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Spotlight on Mursla

last modified Feb 03, 2019 04:08 PM
Cancer is one of the most challenging global issues an entrepreneur could choose to tackle. But Pierre Arsène and Victor Serdio are doing just that with their company Mursla. Based at ideaSpace West, Mursla is developing a breakthrough technology for early cancer detection using liquid biopsies, offering a less invasive and more responsive approach to diagnosis, treatment and cure. To mark World Cancer Day on the 4th February, we asked Pierre to explain more about Mursla and the bold ideas and enthusiasm driving this bright company.

Q: How would you describe Mursla?

Mursla is a cancer liquid biopsy startup based in Cambridge, UK. 

The company’s solution aims to detect tumours non-invasively via a drop of blood. Cancer cells release a multitude of nanosize information into the bloodstream that can be captured with Mursla’s unique quantum sensing technology. In particular, it is focused on developing a connected device for early pan-cancer detection to be used by specialists during consultation. 

The population at risk (>50 y.o.) in key developed countries represents 820M people. Mursla’s platform technology relies on nanogap sensors that are designed to trap and identify organic targets in biofluid via quantum phenomenon. It targets proteins tumour information embedded in cancer cell vesicles (exosomal proteins) which is superior than circulating tumour DNA (cfDNA) information for liquid biopsy. Not only do exosomal proteins reflect what is currently happening in the body, but its tumour-derived information is protected from destruction by enzymes.

 

Q: Why is now the time for your company to exist?

The world below 10 nanometres behaves very differently from classical physics and we can now interrogate it in a scalable manner with our new nanofabrication techniques (so called "quantum biology"). In parallel, we are reaching an inflexion point in terms of technologies (microfluidics, electrical engineering, machine learning) in order to propose simple but powerful integrated solutions that can be used at the point-of-care without any infrastructure or trained personnel. There is no integrated technology available yet to deliver a solution that meets criteria for early cancer detection adoption: clinical utility, scalability, user friendliness and price.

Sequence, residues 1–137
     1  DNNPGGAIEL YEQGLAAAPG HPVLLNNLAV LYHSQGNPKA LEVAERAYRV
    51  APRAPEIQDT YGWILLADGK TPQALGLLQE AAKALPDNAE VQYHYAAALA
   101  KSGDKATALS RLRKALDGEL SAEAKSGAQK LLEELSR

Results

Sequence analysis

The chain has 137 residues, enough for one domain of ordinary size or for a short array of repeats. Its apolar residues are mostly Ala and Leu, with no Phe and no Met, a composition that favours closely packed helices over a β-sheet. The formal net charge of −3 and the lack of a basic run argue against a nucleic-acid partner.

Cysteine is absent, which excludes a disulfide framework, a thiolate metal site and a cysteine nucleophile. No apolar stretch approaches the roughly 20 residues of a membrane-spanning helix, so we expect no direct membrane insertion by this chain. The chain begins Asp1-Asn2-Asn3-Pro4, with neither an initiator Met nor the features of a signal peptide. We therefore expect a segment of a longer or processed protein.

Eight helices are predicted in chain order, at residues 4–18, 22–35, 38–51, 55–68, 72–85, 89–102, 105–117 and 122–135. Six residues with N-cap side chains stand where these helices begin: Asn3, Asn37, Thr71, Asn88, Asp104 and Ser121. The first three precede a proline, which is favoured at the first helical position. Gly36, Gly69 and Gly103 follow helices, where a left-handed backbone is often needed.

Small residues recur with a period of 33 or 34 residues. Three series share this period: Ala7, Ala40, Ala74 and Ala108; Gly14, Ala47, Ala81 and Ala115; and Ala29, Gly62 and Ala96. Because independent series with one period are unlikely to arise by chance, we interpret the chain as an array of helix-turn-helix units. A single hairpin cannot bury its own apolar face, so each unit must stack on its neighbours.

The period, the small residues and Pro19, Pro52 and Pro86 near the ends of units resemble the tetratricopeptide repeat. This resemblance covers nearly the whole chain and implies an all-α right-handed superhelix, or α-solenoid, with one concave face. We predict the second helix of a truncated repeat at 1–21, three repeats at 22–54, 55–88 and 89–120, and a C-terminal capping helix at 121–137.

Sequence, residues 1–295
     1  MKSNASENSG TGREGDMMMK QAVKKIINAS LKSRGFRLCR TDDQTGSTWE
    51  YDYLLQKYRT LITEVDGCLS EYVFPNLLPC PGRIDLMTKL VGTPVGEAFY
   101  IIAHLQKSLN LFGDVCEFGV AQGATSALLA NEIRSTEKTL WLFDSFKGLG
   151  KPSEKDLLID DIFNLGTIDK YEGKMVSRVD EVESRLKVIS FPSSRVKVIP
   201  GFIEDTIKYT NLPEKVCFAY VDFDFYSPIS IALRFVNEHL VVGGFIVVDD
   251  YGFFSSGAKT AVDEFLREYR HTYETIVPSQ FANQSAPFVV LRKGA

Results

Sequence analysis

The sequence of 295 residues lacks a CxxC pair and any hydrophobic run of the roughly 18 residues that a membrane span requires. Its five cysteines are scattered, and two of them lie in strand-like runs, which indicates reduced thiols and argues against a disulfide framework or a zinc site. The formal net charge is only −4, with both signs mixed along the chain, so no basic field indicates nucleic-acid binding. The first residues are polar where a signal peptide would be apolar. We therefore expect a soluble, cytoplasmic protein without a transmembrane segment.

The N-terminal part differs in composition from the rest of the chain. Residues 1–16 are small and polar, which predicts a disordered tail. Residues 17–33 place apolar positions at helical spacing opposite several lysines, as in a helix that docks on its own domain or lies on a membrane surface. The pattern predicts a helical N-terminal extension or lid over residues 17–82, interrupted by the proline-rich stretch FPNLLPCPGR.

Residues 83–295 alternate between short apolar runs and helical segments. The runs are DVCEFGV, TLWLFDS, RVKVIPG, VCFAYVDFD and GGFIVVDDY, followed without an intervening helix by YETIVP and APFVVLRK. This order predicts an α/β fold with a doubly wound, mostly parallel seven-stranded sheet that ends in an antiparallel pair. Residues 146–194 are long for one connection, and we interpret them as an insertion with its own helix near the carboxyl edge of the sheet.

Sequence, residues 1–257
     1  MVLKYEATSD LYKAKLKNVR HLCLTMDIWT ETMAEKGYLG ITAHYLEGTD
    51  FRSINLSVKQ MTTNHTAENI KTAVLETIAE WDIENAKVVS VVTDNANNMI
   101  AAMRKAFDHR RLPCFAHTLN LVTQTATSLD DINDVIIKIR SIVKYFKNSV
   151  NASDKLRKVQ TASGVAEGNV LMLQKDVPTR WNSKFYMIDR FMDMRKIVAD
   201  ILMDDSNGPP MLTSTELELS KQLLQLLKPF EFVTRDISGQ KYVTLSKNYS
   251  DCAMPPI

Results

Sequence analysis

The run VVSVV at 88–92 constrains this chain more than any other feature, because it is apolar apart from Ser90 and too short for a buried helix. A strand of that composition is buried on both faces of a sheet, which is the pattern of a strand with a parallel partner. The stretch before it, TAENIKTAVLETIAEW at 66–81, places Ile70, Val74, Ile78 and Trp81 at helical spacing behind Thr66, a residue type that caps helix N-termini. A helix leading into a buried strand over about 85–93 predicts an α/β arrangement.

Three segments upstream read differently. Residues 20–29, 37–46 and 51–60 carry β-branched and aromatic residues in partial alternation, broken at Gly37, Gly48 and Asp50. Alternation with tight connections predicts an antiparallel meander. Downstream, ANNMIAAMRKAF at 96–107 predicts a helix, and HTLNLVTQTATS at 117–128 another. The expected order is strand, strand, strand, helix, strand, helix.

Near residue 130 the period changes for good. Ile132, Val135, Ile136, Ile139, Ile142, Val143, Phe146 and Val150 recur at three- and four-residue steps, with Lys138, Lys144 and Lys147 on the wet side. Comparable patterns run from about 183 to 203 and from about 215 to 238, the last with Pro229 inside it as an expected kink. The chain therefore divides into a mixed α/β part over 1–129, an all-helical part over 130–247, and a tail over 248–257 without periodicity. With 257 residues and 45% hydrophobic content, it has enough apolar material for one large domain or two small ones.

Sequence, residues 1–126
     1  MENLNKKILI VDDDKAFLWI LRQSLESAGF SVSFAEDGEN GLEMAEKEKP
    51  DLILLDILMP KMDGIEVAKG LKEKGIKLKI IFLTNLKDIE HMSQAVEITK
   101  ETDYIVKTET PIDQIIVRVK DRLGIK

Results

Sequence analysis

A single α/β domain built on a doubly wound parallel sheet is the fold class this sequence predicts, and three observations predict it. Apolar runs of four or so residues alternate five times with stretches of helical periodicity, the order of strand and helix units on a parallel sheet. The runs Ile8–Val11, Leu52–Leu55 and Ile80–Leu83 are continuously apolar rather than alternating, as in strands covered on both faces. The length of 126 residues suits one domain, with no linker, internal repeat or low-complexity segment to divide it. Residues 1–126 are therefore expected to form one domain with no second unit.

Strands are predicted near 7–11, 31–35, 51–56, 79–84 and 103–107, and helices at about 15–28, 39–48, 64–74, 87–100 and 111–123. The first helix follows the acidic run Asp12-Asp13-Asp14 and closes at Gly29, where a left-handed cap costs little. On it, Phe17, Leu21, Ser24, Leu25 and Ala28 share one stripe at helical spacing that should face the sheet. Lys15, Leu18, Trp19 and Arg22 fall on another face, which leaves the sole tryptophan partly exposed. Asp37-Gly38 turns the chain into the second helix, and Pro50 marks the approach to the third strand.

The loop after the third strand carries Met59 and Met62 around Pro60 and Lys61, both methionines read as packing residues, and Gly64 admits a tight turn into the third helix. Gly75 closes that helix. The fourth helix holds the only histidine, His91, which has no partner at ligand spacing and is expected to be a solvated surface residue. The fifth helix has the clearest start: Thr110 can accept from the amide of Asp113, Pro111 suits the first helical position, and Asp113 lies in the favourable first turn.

Q: Why is your team best placed to solve this problem?

I would say that there are a few things that make us stand out. Proprietary nanofabrication technology that can deliver a highly scalable solution to be used at the point-of-care and without trained professionals. Strong learning achieved about the complex integration of various scientific disciplines (e.g. semiconductor, electrochemistry, electrical engineering, molecular biology, user interface) into a final product. More in-depth understanding about which biological information to look at to deliver high clinical utility for patients (exosomal proteins versus cfDNA). And high commercial drive at its core with ex-biotech investment banker as co-founder and CEO.

 

Q: What’s most exciting about your traction to date?

Mursla has raised £1M to date, presented its first prototype at Web Summit after 14 months in operation, filed for 1 nanosensing patent, were a finalist for the Cambridge Independent Science and Technology “The One to Watch” Award, received two grants from the Engineering and Physical Sciences Research Council (EPSRC) and got pre-sale product traction with hospitals and 2 large pharmaceutical companies. It was also exciting to validate a new biomolecule detection system via non-trivial quantum phenomena, although we still need to meet a couple more internal technical milestones to raise our Series A. 

 

Q: Where do you think your growth will be over the next year?

We intend to make money by selling our products, and later services, to hospitals and clinics. Products are made of reusable readout systems and disposable chips as well as maintenance agreements to help manage data generated. We expect to get our first regulatory approval (in the EU) by the end of 2022.

 

Q: What’s your biggest threat?

Our main competitors are other liquid biopsy companies. They include GRAIL (spin-off from Illumina) or Guardant Health (which just got listed on NASDAQ). However, they focus on cfDNA only and require large and expensive labs to provide results (still debated). Although they benefit from first move advantage, we believe that cfDNA biomarker is not a real contender for early cancer detection. To use an analogy, if we were to assess the quality of a meal, DNA would only provide the list of the ingredients whereas exosomes and proteins would give a full pre-taste of the actual meal itself. Our main risks remain in executing our plan until the finish line and ensuring good medical adoption.

 

To find out more about Mursla and their work visit their website. Pierre and his team are currently based at ideaSpace West. If you would like find out more about ideaSpace membership, please email or call 01223 330970 to speak to a member of the team. 

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